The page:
“Yes, he quickly showed an impressive understanding of how extensive this process would be, and adapted really well,” Ferry agreed.
“When we saw Zion for the first time after surgery, the level of compliance he demonstrated was incredible,” added Humpl. “Lying there for 8 hours a day completely immobilized while we stretched him, did range of motion, had him try to move his hands, and adjusted his splints over and over again. I remember saying, ‘We’ve found the most perfect candidate in the world for this.'”
Although occupational therapy comprised the majority of Zion’s rehabilitation, physical therapy certainly played an important role as well.
“The interesting thing about Zion from a PT standpoint is I didn’t actually do much with his hands,” related Domenica Platenecky, PT, DPT, PCS, staff therapist, who served as Zion’s sole physical therapist for about five weeks in the acute care setting. “It was more about the secondary effects of the surgery.”
Due to precautions regarding Zion’s hands, he had to hold them in specific positions and could only perform certain movements for set periods of time, Platenecky continued.
“That could be hard on him because of the lower-extremity prosthetics. The new hands completely affected his posture and balance, so we had to conduct significant training and basically teach him how to walk again. We also did a lot of postural education, because he felt very stiff and weak at times. Another factor was poor endurance since he had been immobilized for about a week after surgery, so we worked hard to build that back up.”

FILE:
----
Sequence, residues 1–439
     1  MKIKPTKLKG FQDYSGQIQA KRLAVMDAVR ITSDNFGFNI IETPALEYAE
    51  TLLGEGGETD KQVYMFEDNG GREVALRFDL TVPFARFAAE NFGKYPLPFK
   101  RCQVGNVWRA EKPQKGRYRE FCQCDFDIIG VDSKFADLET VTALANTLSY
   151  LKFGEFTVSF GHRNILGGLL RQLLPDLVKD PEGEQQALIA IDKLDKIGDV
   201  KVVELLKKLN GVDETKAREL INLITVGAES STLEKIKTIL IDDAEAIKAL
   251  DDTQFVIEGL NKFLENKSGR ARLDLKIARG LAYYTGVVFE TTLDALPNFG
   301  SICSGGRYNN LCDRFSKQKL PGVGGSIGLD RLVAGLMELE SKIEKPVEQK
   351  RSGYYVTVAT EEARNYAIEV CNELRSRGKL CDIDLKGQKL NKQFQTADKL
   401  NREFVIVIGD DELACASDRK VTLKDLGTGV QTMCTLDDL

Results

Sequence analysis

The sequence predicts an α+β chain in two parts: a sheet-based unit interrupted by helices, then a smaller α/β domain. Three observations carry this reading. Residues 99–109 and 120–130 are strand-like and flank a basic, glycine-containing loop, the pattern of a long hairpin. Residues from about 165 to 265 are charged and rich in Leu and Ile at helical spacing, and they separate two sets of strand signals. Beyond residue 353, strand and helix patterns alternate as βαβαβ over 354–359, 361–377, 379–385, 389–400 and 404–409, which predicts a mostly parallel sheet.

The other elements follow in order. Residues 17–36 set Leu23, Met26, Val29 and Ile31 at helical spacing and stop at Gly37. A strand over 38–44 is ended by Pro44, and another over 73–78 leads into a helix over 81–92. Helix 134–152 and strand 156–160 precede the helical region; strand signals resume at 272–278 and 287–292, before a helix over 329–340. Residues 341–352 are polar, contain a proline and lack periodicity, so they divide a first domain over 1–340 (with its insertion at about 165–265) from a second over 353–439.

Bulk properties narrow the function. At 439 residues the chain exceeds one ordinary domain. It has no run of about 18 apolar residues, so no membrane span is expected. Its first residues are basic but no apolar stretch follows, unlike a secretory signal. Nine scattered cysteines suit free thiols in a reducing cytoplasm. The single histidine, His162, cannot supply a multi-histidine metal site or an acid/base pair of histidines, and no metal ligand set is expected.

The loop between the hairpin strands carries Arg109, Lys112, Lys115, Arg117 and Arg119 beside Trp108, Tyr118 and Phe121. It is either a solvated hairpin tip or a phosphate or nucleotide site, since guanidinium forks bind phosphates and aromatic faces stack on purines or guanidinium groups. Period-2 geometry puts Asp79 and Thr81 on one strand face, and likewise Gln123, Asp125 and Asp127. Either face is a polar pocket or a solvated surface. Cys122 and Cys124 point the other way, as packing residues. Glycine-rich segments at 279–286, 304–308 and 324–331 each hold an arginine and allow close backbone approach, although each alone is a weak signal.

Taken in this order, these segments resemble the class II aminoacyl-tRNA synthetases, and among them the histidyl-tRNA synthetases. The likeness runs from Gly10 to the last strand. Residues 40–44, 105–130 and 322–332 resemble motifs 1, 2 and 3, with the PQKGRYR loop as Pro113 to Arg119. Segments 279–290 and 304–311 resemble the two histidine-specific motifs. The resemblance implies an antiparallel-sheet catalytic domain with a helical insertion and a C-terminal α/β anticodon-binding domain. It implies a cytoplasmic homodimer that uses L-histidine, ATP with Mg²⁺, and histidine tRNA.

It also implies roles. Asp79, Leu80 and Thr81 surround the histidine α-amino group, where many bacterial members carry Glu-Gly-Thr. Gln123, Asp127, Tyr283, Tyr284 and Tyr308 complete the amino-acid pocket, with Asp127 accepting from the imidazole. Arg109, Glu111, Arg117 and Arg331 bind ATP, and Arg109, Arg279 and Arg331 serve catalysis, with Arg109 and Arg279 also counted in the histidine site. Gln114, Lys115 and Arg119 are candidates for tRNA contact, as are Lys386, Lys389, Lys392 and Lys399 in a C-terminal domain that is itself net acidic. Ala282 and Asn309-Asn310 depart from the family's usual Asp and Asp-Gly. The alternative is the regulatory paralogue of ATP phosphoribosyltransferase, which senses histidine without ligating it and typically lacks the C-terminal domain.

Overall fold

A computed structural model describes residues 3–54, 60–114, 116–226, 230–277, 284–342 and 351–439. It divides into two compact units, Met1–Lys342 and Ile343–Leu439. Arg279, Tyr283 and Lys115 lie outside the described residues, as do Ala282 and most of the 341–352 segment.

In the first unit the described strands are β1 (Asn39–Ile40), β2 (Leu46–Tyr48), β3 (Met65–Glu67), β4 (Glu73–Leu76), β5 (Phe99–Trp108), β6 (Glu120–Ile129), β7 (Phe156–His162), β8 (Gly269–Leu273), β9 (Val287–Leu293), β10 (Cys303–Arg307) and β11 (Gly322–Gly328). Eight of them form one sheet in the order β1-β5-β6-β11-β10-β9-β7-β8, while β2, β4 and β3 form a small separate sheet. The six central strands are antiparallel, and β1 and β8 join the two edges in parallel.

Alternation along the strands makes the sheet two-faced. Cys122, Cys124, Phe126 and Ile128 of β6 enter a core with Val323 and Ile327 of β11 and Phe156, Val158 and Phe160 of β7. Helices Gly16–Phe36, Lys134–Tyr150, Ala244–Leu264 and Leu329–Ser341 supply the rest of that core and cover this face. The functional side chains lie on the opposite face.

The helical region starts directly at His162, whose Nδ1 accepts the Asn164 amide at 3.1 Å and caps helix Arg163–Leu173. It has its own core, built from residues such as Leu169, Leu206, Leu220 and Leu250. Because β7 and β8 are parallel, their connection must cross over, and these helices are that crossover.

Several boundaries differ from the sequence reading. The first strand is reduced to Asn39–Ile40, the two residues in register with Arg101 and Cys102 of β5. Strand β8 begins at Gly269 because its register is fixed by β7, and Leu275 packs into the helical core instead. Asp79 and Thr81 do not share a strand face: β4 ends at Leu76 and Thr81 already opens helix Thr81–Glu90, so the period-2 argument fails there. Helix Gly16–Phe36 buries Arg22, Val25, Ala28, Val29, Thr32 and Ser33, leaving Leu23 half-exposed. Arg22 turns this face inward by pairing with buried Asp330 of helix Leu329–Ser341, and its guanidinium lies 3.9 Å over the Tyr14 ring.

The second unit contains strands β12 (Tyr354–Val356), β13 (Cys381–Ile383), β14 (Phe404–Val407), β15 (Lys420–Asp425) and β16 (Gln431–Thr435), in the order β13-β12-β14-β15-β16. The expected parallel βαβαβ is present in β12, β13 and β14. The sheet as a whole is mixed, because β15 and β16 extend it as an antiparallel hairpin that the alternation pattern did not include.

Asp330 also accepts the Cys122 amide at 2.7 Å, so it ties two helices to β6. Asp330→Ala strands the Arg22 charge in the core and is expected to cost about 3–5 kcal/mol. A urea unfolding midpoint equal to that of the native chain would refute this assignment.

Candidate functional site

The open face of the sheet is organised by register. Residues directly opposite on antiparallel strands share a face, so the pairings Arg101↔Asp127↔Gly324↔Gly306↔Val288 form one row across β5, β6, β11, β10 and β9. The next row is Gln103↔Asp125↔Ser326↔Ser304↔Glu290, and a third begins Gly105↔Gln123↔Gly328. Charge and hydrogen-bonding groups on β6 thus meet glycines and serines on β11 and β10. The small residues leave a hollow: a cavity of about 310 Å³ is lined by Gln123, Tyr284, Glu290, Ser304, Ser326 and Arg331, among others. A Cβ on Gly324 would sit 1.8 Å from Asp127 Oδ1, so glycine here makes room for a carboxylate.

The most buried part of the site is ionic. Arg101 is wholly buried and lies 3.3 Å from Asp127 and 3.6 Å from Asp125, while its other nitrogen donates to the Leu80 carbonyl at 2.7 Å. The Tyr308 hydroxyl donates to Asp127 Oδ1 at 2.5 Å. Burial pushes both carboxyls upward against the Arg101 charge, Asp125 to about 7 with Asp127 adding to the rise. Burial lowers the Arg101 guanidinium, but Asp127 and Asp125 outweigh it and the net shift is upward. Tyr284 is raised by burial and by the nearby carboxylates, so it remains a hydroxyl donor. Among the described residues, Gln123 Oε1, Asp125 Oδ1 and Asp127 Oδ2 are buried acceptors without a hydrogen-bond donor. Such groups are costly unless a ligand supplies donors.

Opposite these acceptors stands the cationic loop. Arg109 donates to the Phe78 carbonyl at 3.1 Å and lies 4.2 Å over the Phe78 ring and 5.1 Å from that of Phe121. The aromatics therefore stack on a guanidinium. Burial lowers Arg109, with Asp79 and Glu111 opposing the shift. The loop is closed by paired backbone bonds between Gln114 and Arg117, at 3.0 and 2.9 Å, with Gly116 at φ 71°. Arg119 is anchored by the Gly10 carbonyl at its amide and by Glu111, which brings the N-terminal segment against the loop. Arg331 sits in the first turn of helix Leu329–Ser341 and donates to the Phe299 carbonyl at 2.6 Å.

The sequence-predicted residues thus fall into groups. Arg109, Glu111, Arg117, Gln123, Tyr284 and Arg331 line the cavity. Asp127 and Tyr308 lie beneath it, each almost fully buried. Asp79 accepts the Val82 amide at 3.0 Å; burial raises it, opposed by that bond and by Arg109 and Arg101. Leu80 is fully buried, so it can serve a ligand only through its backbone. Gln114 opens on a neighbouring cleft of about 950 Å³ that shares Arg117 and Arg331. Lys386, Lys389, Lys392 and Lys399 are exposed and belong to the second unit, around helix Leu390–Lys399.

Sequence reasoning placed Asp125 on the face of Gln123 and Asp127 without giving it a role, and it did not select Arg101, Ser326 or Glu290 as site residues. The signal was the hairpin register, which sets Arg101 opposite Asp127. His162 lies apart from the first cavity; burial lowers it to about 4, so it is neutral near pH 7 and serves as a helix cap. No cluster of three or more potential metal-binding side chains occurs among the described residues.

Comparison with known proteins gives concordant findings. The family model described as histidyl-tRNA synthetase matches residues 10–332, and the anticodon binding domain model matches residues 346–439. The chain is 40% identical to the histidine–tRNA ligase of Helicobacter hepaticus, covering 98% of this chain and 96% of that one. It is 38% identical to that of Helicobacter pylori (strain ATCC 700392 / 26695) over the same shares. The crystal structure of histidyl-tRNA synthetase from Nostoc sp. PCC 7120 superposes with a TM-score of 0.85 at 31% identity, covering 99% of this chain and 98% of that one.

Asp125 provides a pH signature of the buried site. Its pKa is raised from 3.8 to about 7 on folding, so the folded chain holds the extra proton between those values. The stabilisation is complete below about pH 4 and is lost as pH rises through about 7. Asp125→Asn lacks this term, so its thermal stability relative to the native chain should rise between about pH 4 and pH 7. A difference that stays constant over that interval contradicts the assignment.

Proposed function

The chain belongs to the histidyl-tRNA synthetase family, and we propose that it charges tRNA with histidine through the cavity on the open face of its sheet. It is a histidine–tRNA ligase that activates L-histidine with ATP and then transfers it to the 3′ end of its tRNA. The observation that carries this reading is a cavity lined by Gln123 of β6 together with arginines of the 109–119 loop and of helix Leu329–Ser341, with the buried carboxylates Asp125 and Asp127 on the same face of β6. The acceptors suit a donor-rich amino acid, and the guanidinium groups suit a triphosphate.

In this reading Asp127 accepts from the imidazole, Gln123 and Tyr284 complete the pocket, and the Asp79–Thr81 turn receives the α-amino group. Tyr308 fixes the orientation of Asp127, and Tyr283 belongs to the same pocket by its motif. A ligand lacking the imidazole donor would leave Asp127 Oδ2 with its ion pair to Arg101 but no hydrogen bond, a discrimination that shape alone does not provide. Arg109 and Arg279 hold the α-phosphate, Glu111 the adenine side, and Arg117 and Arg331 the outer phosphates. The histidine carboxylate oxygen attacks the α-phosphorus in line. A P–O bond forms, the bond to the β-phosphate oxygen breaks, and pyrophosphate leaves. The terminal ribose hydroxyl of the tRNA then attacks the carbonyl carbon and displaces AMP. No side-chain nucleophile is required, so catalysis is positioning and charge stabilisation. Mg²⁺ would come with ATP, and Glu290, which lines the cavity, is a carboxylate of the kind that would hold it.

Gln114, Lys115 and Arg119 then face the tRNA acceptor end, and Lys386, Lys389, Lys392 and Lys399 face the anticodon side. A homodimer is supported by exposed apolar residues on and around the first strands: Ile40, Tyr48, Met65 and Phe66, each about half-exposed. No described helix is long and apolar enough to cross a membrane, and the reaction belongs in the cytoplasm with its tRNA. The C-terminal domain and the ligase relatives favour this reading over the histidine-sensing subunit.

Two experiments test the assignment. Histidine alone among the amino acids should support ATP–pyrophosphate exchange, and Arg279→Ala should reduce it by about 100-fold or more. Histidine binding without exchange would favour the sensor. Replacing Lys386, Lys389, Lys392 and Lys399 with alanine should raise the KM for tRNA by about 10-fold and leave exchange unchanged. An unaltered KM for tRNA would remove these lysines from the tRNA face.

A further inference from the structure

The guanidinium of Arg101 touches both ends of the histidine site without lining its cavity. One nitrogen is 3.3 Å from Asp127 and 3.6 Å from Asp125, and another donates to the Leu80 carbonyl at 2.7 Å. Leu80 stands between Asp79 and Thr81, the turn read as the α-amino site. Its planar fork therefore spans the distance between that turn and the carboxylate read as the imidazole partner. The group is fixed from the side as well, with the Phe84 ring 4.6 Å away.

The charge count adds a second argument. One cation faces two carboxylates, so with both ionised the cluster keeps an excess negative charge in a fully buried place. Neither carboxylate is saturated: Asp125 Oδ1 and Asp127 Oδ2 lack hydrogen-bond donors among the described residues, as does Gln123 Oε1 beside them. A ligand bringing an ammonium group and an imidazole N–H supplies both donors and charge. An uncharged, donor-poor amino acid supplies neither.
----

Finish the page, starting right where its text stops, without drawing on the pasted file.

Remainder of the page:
When Zion transferred to inpatient rehabilitation in mid-August, Jamie Bradford, PT, DPT, staff therapist, became his primary physical therapist for the approximately two weeks until he was discharged from CHOP.
“Much of our focus in the inpatient setting was on trying to increase what Zion had already been doing in the acute setting,” Bradford told ADVANCE. “So we had him out of his room more frequently, and worked hard on getting him to walk to therapy rather than being taken in a wheelchair. That way it would be more of a normalization of his day-to-day life when he went home. In addition, we really tried to increase his endurance activities and work more on dynamic balance, whereas in acute care he had just been trying to re-learn his balance.”
What kind of progress has Zion made so far?
“I watched him walk down the hall recently with his mom holding his hand and he looked amazing,” said Humpl. “If you saw him in the park, you’d never know he had a hand transplant.”
“We see him now doing fun things like trying to hold a football and that just elevates his motivation to do even more,” added Ferry. “This is an ongoing process and we don’t know yet what the long-term results will be, but Zion continues to make gains and enjoy his progress.”
Witnessing that improvement is just as gratifying for the dedicated therapists who have helped Zion along the way, and all feel very humbled to be part of his trailblazing journey.
“It has been such an exciting honor,” related Platenecky. “As the first time this procedure was ever performed on a child, it has also been challenging since there are no norms for pediatrics, no baseline or benchmarks to take guidance from. But that has made it a great learning experience too. Being able to troubleshoot for the first time, figure out what works, what doesn’t work, and how we can do it better in the future.”
“One of the remarkable things about working on this case has not only been Zion himself, but also just being part of something that’s happening for the first time in the history of the world,” concluded Michelle Hsia, MS, OTR/L, outpatient occupational therapy supervisor. “Coming together as a team, and being able to work with the physicians at Penn and CHOP. The amount of energy, dedication, time and pure care given to Zion all day, every day by all of us was spectacular. He has been amazing to work with, and just being on this team has been an incredible experience as well.”